• Hi Marz. thanks for the info. I didnt know that about vit D being fat soluble so will make sure I take it with the right food. My local NHS trust labs have just lowered the lower end range of vit d to 30 from 50 so it makes it looks like less people will be found below range when they are really lower than they should be. I noticed they have done that to a lot of the blood test ranges lately. Either that or the lab makes a note saying correct for this patient! Gentle hugs Joolz.x

  • ...sometimes the D capsules contain fat - so check the label :-)

  • My GP refuses to test ferritin or B12 as my blood count looked 'normal'.

    I paid to have ferritin and B12 tested with Blue Horizon, don't know if that's an option for you.

    I now supplement both.

  • Potnoodle it seems that GP's do use the blood count test then to decide if you are B12 deficient or not even if it is not tested individually, thks for your reply.

  • Hi Joyia, unless your doctor saw a B12 serum test as part of the panel she cannot say with any authority that you do not have a B12 deficiency. What she SEEMS to be doing here is making an assumption that because your blood count didn't show the signs of pernicious anaemia you therefore don't have a B12 problem. This just isn't true. You can have a B12 deficiency without having pernicious anaemia. You need to ask for a copy of the blood test, and unless you see a serum B12 test on it, then the test hasn't been done and you need to request one.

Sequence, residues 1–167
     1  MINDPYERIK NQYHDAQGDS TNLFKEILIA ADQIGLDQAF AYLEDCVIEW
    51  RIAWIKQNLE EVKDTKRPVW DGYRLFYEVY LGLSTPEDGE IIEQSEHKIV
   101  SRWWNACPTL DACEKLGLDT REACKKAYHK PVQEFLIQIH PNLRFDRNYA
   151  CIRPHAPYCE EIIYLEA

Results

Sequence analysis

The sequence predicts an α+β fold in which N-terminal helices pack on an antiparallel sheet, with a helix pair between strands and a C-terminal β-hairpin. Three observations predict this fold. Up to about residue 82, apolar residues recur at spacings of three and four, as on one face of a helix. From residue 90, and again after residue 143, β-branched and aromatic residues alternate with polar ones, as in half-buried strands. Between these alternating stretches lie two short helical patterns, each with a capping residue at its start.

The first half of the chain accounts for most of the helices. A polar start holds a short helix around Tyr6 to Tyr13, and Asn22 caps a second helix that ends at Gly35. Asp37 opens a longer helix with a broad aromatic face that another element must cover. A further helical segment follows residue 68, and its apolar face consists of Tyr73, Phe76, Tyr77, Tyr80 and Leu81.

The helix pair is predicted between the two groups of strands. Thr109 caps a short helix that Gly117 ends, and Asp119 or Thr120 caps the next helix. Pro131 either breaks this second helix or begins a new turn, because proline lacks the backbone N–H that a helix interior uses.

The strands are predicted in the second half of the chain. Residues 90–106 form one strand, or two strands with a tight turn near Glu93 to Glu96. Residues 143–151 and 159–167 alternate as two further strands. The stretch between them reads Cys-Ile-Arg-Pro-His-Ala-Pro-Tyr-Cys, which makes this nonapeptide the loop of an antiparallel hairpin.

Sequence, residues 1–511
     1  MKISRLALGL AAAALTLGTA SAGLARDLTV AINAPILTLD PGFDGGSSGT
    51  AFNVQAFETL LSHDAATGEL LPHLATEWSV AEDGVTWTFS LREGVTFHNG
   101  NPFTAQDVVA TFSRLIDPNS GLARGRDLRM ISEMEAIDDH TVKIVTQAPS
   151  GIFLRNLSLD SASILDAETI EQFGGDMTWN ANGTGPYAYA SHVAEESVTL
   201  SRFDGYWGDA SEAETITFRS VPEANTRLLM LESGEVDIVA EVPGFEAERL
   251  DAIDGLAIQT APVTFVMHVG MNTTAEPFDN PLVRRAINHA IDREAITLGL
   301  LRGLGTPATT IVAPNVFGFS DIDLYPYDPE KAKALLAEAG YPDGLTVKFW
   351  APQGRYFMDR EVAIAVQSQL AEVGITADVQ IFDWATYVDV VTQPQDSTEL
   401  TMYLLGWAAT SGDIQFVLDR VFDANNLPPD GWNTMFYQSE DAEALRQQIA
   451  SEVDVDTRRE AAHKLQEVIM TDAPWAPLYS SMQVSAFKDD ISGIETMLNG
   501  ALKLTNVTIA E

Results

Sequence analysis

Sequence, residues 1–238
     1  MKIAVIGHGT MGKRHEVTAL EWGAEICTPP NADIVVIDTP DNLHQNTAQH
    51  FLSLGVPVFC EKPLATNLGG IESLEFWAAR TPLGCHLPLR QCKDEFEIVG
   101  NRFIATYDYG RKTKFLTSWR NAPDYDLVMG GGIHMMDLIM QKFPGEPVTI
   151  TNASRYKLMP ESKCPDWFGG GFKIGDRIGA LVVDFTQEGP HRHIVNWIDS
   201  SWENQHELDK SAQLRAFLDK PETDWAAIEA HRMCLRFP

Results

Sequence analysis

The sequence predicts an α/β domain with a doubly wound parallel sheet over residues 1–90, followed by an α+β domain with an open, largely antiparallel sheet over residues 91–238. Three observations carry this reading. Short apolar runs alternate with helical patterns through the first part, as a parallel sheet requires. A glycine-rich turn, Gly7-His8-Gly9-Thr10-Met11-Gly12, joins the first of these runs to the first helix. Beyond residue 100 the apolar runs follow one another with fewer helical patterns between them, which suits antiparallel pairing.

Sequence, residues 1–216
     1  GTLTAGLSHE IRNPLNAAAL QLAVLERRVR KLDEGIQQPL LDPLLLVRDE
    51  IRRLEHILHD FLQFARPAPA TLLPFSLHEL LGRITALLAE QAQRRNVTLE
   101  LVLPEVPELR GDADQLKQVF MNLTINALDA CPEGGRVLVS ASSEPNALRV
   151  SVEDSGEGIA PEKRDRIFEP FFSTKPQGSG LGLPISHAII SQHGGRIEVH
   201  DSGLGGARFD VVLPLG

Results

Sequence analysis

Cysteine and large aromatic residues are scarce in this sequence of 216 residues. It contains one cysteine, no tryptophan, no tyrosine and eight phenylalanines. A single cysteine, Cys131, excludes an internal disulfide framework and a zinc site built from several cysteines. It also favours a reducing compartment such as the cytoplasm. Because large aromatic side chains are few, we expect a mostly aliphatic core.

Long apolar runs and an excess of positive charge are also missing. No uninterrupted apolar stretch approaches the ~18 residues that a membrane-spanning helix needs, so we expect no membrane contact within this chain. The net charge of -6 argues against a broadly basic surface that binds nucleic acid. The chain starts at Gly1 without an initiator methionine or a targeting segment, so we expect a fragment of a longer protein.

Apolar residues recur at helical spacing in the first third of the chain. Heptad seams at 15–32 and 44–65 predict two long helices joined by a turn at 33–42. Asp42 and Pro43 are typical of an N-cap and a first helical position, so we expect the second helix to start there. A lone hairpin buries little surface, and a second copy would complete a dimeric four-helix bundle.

• This idea that a Full Blood Count is all that is needed to show up B12 deficiency seems to have arisen an awful lot more since doctors needed to save money. This is all part of the privatisation of the NHS via the back door, in my opinion. If you don't get what you want from the NHS (and fewer and fewer of us are going to) your choices are to suffer, or to pay privately.